By Gary Brooks, CFP®
This article was originally published on July 16, 2017, in the Tacoma News Tribune.
In a year of robust stock market gains – performance that has disregarded the chorus from analysts and advisers to prepare for lower returns – emerging markets stocks have posted the highest marks.
The MSCI Emerging Markets Index was up 25.8 percent in U.S. dollar terms year-to-date through the end of July when including dividends.
This outperformance of U.S. stocks (the S&P 500 was up 11.6 percent year-to-date through July 31) isn’t a surprise. Measures of valuation had pointed to these foreign stocks trading at less expensive prices than U.S. stock indexes.
While a lot of new investment has moved into emerging markets stocks over the past year, many people still do not participate.
Employer retirement plans are the primary investment vehicle for most people, and many company plans do not include an investment choice for emerging markets. This is true for many corporate plans and for the federal employee Thrift Savings Plan.
This means that to gain exposure to emerging markets, these investors must invest in an account other than their employer plan such as an Individual Retirement Account (IRA) or brokerage account.
But, before you decide to add or increase emerging markets exposure, you should understand the characteristics of this segment of the market.
Performance is only one element of the equation that indicates how much, if any, exposure you want to have. Especially in emerging markets, risk should carry as much influence as potential return.
While emerging markets stocks have posted big gains this year, their average annual return over the past decade is less than 2 percent because of some deep negative stretches.
What is an emerging market?
Nearly two dozen countries with economies and stock markets are less mature than the “developed market” countries. Most of the emerging markets nations are in Asia and Latin America. China and India draw the most attention.
If you look at the top 10 companies in the MSCI Emerging Markets index, you likely won’t recognize more than one or two names. This doesn’t fit well with the common recommendation to “buy what you know.”
With so many investment choices you know more about, why would you want to add emerging markets and unknown companies to your portfolio?
Consider that more than 4,000 of the world’s publicly traded companies are listed on emerging markets exchanges. That’s more investable companies than in the United States in a part of the world with more robust economic growth.
The investment opportunity in these countries is heavily weighted toward financial and technology stocks. Partly due to concentration in two sectors, but also because of geopolitical and currency reasons, emerging markets have historically been more susceptible to volatile economic events and stock market performance.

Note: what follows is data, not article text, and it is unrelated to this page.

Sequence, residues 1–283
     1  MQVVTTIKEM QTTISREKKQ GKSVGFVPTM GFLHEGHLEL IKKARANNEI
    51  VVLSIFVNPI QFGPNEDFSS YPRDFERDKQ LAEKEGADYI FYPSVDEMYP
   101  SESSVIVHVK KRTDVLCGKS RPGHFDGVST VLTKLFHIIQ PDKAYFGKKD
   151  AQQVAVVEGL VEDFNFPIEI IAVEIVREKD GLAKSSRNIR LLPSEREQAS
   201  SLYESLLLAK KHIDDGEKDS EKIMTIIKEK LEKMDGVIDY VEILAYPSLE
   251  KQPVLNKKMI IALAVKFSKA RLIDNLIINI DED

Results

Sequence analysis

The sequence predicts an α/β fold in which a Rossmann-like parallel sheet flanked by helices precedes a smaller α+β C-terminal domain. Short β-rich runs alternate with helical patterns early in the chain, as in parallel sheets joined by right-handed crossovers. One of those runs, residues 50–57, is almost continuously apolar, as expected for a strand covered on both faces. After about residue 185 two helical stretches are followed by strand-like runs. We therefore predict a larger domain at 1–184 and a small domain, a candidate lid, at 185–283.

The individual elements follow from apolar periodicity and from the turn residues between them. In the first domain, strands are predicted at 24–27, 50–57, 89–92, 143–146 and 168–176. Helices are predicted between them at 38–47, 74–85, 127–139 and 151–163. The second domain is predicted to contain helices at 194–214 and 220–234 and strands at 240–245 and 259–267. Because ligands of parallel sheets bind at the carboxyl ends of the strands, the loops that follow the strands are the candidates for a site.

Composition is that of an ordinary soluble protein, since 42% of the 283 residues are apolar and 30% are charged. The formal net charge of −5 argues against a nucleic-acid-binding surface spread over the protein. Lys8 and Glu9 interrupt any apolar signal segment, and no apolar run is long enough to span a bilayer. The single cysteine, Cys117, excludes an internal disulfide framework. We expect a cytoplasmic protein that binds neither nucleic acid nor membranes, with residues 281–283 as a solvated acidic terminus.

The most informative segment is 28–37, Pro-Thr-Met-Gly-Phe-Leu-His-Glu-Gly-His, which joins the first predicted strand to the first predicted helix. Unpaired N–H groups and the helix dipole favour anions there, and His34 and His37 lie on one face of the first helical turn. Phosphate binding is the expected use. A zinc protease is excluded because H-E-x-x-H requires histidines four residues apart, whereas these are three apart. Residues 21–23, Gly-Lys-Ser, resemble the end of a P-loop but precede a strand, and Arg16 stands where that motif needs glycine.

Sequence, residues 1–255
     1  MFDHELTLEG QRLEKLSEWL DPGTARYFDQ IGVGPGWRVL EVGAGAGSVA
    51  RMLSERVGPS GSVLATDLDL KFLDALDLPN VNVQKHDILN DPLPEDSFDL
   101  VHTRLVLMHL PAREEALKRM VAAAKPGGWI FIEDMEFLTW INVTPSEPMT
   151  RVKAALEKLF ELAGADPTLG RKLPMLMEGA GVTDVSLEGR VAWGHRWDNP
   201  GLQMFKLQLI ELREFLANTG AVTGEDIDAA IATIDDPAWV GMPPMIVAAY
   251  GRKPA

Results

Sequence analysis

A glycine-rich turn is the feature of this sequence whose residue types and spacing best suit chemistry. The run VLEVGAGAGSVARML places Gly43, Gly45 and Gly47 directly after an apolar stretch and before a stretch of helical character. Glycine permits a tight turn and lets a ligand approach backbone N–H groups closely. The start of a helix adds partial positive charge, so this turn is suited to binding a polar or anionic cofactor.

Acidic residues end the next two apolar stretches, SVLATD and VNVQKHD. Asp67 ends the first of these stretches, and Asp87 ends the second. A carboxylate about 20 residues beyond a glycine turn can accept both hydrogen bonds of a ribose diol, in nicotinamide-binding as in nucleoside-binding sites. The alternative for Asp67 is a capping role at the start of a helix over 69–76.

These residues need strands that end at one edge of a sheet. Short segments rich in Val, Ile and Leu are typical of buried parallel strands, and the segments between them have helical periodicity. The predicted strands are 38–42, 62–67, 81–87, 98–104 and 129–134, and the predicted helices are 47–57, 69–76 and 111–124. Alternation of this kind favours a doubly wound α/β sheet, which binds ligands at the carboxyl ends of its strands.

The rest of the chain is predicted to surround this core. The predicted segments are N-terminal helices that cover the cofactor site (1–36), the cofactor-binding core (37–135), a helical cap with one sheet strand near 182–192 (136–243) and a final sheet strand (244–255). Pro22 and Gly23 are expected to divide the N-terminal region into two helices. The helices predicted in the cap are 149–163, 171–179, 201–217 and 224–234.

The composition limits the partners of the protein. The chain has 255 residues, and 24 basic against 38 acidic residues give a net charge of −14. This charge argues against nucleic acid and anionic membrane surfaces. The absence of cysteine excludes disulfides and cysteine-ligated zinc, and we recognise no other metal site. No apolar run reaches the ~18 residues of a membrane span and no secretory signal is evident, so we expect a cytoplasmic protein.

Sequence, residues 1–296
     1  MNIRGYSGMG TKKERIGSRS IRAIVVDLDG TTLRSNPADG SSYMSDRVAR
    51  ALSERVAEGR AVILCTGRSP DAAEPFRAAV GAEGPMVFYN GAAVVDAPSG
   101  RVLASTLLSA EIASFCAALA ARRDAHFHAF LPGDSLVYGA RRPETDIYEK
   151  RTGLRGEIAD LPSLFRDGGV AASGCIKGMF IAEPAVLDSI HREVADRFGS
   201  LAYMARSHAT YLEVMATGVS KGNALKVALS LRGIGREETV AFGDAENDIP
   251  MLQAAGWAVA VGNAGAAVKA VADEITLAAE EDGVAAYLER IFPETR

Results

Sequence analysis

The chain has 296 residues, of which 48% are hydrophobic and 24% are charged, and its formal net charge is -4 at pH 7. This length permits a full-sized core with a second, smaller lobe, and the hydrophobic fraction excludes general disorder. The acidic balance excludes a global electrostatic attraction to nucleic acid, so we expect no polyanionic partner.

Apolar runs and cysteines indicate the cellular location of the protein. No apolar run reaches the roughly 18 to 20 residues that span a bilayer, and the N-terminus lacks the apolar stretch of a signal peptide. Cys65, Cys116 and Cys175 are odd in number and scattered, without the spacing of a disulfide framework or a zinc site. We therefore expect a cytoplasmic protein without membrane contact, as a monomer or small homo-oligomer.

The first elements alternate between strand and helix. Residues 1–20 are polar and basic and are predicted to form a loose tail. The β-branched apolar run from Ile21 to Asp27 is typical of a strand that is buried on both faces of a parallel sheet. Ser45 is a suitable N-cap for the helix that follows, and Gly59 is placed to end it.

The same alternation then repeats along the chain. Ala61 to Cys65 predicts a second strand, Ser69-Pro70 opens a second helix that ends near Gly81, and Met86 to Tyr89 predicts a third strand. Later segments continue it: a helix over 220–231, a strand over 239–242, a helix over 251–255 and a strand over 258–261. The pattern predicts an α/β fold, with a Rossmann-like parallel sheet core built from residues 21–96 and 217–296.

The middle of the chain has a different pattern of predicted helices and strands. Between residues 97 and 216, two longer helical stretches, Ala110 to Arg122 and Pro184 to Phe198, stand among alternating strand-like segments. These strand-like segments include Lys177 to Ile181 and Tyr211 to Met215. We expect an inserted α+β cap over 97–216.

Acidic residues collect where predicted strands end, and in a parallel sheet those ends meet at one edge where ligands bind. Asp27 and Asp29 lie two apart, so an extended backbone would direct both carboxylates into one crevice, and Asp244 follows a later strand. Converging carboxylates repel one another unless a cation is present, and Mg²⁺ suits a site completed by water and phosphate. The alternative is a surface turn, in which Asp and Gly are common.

According to institutional investment manager GMO, individual emerging market countries have fallen more than 20 percent an astonishing 22 times since 1990. This is compared to four such experiences for the U.S. S&P 500.
Because of this volatility, the recent GMO white paper concludes that “clearly a ‘buy and hold’ strategy for the broad asset class is not the right approach.”
But it also notes that “we believe risks are significantly lower (currently) and valuations are fair.”
How to invest in emerging markets
Once you decide you want emerging markets included in your investment strategy, you need to determine how much exposure is preferable.
This is an investment that should likely be a small satellite, rather than a core piece of your strategy.
Emerging markets comprise about 10 percent of total global stock market. A globally balanced investor with a 60 percent stock portfolio would have about 6 percent in emerging markets if they wanted to mimic market weight.
This is too much for most investors, however, given the large downside potential and difficulty timing when to be in or out of emerging markets.
You could buy a broad index fund and capture all the emerging markets at one low cost. But each individual emerging market country is quite different. Latin America could be weak or strong while Asia is the opposite. This might be a slice of the market where a more adaptable strategy could be beneficial.
Even if you don’t buy stocks of companies headquartered in these countries, you could participate in the growth of emerging markets by owning U.S. stocks. They buy Coke, iPhones and Nikes in emerging countries too.
But you would miss the share of profits and innovations that come out of the companies based in these countries and traded on local exchanges.
Your portfolio might enjoy a boost in potential return, just don’t overdo it chasing what’s been hot.
Gary Brooks is a certified financial planner and the president of BHJ Wealth Advisors, a registered investment adviser in Gig Harbor. Reach him at firstname.lastname@example.org.
Subscribe to our monthly newsletter for insights on money, markets, and personal finance.